Four steps to a universal principle of facilitation and learning

This post was first written for and published by Kellow Learning: facilitating curious futures, as the first of a series of monthly guest posts from members of the global Kellow Learning Network.

ORIDAt a recent monthly meet-up of the International Association of Facilitators in London, the question was posed “is there a single, universal principle of facilitation?”  More to the point of course, if there is – what is it!

It didn’t take me long to think and respond that, in my own facilitation at least, there is certainly something approaching that – a simple four-level model of human behaviour that is always in my mind as I design and facilitate any learning or collaborative process, and that is very often explicitly the basis of the design.  Anyone who has worked or taken training with me, or who is familiar with ICA’s Technology of Participation (ToP) approach, will know immediately what I am talking about.  It is the basis of the ToP Focused Conversation method, featured in the foundational ToP Group Facilitation Methods course, and it is affectionately known as ORID.

ORID is a model of how we respond as human beings to each other and our environment, and so too of how we learn, make decisions and act.  We perceive our external reality through our senses of sight, sound, touch, taste and smell. These are our sources of data, the Objective level of the model.  We experience an internal response to such data initially, whether or not we are conscious of it.  These emotional, intuitive or gut reactions represent the Reflective level.  We discern meaning, ascribe value or significance, and learn at the Interpretive level.  When we come to some sort of conclusion, resolution or action that is at the Decisional level.   We go through this process countless times every day, often subconsciously.  For example, I hear my alarm clock through my sleep in the morning and roll over in bed to ignore it and continue sleeping; until I realise that it is getting late and I must get up, so I reach to switch on the light.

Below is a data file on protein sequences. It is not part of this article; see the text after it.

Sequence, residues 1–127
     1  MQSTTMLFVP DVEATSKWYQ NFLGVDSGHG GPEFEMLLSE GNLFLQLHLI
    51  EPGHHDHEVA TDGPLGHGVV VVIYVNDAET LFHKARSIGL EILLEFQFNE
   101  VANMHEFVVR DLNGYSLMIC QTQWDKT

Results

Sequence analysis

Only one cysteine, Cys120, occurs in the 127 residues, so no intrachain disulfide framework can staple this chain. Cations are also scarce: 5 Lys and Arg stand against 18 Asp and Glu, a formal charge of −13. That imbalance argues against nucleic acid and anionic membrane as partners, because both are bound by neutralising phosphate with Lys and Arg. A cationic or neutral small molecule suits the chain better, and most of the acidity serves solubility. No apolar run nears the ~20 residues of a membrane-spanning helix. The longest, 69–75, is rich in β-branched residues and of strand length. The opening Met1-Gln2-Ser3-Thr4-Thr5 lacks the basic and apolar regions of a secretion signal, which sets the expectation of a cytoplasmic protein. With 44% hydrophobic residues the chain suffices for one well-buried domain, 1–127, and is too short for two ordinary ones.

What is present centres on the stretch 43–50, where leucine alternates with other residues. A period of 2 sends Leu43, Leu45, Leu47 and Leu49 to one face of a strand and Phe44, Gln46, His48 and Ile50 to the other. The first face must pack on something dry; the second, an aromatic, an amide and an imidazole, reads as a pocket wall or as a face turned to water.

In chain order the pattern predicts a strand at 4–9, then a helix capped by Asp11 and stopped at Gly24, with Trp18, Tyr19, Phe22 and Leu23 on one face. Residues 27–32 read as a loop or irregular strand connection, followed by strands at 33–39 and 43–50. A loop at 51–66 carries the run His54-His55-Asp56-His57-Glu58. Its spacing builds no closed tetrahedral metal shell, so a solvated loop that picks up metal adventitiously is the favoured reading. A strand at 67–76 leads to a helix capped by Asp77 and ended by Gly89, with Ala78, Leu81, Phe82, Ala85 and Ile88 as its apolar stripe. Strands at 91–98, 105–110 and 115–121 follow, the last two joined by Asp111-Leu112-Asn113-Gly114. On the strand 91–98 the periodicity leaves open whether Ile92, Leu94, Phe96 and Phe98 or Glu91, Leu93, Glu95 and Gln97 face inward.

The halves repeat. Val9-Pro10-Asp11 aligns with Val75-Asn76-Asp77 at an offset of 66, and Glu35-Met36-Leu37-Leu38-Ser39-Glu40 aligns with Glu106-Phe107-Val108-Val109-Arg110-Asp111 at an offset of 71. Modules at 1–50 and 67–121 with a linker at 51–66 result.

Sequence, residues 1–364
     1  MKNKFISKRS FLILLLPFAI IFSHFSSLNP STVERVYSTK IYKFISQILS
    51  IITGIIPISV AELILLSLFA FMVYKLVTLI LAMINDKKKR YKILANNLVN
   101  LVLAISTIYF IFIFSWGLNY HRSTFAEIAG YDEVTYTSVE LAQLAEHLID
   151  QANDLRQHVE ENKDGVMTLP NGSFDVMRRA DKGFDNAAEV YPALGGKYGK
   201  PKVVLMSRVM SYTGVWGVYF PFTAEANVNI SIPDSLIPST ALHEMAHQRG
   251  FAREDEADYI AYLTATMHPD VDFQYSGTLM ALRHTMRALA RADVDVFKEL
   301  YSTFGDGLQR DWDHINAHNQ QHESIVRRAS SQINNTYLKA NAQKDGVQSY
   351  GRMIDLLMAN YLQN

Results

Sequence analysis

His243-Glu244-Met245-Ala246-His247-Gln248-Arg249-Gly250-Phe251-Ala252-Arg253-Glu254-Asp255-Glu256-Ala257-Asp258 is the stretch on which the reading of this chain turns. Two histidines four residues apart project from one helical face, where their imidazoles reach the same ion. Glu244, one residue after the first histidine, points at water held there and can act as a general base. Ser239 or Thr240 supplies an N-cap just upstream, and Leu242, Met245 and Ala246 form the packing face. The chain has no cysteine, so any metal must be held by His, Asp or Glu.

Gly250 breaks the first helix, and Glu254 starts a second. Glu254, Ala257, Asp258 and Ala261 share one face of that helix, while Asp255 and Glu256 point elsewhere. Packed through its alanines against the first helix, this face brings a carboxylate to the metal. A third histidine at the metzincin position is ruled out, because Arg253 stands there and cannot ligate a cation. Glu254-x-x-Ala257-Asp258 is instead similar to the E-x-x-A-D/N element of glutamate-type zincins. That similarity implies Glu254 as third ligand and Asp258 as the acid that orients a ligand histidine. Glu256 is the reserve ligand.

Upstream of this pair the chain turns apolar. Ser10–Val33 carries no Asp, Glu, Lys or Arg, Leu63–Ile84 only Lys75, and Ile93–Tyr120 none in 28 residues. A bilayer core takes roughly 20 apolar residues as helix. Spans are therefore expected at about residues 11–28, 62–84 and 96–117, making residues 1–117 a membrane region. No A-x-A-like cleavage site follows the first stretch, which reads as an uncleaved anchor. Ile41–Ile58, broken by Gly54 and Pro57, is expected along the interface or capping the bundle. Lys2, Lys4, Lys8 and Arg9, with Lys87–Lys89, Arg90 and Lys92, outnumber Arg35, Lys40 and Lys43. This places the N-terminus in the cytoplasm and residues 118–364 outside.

The ToP focused conversation method uses ORID as the basis for crafting a series of questions, by which to lead a group through a conversation which is focused, inclusive and productive.  The conversation is focused by crafting questions explicitly to help the group address a particular topic.  It follows the four levels of ORID in turn, taking the group on a journey together from surface to depth understanding, learning and resolution.  This is inclusive because different people (and people of different cultures) tend to be stronger and more comfortable at the different levels, so this enables everyone to participate where they are most comfortable and to contribute from their strengths.  This discipline of addressing each level together in turn also helps to test unspoken assumptions and overcome unconscious biases, and so helps to make the conversation more productive and conclusions more robust.